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Using $50,000 in state money, Forest Park will take the next two years to evaluate development possibilities for more than seven acres of Roosevelt Road land – that’s currently owned by the federal government.

For years, municipal officials have said the military’s Reserve center on Roosevelt Road is an underutilized facility that would be better served if local government could control its use. Neither the grant nor the village council offered any specific alternatives, and there seems to be no indication that the military is interested in selling the property.

Military personnel charged with overseeing the U.S. Army Reserve Command in Forest Park, 7410 Roosevelt, said they were not aware of the grant.

“Long story short, we haven’t given up on this,” Forest Park Commissioner Rory Hoskins said.

Sweeping closures in 2005 of military stations across the country left public officials here feeling optimistic that the federal government would be willing to sell the property. However, in 2006 the Army asked to replace the Navy as the primary tenant. In April 2007, the U.S. Army celebrated its move into the building.

Exactly how the state grant might be used has not been decided, but Hoskins suggested that a majority of the money could be used to hire a lobbyist. That person’s job would be to convince the military that it’s in everyone’s best interest to turn the property over to Forest Park. The village is attempting to confirm with the state Department of Commerce and Economic Opportunity, which awarded the grant, that a lobbyist could be hired, said Hoskins.

The 30-page document outlining the grant’s purpose states that a consultant may be hired at a total cost of $47,700.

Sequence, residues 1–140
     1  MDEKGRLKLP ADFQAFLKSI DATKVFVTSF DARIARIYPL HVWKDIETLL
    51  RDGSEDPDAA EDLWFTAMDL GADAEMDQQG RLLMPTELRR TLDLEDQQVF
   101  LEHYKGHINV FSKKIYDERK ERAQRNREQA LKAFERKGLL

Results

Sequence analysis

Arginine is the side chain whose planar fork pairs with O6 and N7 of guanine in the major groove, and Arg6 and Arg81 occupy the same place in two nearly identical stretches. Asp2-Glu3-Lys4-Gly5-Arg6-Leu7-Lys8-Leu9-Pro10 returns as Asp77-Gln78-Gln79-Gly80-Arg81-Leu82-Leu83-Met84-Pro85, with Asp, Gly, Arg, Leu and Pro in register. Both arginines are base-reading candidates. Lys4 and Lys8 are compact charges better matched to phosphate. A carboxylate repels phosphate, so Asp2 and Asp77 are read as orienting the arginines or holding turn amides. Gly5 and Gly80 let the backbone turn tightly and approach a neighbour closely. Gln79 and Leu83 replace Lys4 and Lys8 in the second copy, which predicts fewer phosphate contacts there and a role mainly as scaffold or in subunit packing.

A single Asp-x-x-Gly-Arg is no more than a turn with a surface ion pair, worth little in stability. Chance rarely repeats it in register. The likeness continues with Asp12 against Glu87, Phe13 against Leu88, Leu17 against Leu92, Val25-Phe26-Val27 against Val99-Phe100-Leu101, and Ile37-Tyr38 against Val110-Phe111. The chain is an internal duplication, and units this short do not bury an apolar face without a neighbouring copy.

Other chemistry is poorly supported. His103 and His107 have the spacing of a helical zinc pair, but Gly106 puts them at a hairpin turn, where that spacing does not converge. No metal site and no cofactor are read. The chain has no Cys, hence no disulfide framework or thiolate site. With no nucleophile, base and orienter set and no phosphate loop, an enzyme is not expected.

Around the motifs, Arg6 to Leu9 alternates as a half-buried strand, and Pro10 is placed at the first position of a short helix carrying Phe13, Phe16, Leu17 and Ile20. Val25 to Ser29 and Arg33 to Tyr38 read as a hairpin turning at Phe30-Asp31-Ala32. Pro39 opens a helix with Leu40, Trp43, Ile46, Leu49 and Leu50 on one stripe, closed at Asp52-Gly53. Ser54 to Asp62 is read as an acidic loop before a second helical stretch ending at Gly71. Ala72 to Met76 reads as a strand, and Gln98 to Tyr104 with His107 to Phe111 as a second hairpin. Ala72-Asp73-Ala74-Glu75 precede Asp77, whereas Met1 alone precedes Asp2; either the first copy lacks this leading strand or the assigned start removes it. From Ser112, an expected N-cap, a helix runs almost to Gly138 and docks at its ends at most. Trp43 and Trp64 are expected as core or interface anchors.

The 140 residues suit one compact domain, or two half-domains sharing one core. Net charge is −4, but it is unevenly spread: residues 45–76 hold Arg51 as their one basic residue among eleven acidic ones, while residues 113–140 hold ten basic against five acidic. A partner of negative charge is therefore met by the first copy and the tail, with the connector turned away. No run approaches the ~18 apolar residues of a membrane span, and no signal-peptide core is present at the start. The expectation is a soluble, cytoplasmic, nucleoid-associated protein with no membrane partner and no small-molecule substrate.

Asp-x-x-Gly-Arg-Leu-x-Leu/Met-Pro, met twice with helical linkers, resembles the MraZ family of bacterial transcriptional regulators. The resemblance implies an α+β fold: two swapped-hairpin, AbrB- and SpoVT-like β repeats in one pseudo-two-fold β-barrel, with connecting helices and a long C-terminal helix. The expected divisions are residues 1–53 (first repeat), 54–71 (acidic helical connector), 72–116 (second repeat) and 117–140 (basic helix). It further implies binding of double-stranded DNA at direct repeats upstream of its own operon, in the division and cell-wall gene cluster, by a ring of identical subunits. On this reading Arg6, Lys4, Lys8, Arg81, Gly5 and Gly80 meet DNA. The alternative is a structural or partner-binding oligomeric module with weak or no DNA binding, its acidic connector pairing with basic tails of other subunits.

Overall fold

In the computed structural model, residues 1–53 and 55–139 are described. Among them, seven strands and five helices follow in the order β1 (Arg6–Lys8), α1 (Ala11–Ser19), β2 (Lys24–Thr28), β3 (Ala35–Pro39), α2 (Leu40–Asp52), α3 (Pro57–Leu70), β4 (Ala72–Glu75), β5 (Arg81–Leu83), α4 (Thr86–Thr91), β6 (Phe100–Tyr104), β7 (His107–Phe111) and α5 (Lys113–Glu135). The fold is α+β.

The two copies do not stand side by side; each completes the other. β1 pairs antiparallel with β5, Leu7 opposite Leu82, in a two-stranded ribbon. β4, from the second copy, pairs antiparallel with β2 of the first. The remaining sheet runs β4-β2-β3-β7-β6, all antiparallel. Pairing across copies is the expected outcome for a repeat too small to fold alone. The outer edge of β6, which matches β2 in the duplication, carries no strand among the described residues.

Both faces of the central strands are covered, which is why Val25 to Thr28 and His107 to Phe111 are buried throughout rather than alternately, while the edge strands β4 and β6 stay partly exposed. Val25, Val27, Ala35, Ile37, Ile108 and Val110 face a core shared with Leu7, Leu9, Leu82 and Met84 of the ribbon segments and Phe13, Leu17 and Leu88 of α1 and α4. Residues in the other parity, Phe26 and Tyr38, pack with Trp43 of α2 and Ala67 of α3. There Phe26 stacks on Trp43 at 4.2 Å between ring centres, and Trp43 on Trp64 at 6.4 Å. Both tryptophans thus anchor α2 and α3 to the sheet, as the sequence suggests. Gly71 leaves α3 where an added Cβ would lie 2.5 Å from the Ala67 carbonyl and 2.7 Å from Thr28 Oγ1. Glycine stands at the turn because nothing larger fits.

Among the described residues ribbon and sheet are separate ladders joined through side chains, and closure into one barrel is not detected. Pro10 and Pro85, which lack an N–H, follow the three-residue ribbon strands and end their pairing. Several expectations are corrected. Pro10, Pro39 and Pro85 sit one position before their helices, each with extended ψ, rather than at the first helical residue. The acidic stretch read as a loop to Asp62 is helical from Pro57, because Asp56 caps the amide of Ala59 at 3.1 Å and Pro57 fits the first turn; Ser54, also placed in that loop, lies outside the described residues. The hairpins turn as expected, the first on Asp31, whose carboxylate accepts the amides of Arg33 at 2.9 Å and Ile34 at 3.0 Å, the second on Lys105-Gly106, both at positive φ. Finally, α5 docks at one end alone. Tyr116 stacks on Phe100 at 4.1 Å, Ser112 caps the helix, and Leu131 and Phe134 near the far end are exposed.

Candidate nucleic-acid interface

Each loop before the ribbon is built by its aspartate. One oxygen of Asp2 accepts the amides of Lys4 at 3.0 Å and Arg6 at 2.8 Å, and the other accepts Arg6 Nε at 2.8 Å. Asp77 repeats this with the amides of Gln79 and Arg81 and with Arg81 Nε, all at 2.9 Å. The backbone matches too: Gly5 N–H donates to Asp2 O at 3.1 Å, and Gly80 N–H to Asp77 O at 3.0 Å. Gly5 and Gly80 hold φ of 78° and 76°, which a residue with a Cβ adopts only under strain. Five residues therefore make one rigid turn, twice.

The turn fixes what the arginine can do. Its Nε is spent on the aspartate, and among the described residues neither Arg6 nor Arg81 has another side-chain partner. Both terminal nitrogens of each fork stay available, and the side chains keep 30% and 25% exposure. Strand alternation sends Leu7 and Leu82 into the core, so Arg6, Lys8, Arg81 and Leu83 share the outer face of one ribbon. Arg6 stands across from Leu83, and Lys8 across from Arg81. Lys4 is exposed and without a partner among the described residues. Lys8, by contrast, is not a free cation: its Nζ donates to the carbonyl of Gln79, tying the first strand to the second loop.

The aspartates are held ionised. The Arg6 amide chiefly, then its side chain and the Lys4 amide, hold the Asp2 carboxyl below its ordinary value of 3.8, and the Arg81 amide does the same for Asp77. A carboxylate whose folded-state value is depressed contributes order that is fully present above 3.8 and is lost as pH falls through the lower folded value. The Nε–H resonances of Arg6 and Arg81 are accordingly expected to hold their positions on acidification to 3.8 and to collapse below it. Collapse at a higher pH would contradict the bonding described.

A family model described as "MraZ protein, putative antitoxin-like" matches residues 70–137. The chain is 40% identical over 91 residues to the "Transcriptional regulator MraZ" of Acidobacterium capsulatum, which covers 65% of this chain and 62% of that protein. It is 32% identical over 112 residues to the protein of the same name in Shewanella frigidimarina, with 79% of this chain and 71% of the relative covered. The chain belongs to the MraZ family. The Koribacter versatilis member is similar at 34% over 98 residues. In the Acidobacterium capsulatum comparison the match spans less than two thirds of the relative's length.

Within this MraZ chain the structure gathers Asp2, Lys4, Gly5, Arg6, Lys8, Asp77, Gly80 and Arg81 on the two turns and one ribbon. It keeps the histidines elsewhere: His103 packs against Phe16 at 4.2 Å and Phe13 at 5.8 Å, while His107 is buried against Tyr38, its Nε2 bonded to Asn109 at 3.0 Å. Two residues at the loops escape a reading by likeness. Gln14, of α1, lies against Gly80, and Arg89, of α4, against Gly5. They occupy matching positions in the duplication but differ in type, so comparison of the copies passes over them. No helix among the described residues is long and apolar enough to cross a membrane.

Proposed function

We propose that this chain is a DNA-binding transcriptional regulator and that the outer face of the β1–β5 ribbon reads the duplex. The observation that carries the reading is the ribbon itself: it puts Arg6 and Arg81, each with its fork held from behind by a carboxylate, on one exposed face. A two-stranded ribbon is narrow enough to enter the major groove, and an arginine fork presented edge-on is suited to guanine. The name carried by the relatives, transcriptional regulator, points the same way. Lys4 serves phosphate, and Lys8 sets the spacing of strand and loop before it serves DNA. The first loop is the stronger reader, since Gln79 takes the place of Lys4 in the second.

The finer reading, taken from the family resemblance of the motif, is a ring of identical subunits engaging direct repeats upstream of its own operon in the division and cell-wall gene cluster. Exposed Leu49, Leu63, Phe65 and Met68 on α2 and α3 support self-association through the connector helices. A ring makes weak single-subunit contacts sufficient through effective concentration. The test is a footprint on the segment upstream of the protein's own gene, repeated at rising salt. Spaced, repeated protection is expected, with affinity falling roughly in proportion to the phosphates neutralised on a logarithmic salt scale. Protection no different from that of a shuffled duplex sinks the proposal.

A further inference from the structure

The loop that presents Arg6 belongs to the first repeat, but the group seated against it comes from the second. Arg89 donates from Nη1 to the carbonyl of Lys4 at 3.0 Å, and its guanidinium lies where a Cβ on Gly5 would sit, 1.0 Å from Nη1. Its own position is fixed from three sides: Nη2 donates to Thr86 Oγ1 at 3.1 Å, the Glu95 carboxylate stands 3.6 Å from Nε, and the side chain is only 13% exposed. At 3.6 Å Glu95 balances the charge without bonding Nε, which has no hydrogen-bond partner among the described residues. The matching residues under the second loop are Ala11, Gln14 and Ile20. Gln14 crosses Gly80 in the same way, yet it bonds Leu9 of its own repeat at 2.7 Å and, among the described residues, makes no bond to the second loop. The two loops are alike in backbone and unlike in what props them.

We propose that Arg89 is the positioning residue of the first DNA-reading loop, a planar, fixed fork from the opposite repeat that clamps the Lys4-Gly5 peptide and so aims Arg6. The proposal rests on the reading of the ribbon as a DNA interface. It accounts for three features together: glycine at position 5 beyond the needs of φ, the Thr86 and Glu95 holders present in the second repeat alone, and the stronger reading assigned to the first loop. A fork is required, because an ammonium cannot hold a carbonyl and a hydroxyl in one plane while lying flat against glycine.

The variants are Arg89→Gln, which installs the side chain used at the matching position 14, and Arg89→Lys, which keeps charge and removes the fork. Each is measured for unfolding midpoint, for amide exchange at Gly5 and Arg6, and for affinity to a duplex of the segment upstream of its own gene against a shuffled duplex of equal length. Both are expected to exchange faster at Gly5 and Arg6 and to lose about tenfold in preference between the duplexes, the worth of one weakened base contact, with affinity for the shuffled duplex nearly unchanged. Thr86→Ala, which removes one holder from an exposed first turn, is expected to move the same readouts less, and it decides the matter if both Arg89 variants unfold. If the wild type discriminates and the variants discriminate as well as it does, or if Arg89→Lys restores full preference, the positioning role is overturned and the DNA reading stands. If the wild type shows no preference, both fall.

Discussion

Mayor Anthony Calderone did not return phone calls seeking comment on the grant.

Commissioner Mark Hosty credited Hoskins and Calderone with obtaining the state funding. He agreed that it’s important for the council to be ready with a plan for the site should it become available. Hosty pointed to the recent announcement by the U.S. Postal Service that it is looking to sell its Desplaines Avenue property as an example of the suddenness with which federal land can be had. In theory, the Reserve center is no different.

“It’s a large piece of developable property on a major thoroughfare in Forest Park,” Hosty said.

When federal authorities reviewed the country’s military facilities for possible closure several years ago, the White House was not occupied by a president with strong ties to Illinois. Hoskins said part of his optimism in going after the property is based on an assumption that White House staffers may be familiar with the area and therefore more willing to hear the village’s ideas. Prior to President Barack Obama taking office, talks with federal legislators have not been fruitful, said Hoskins.

“I would just like to see the village get that property,” Hoskins said.

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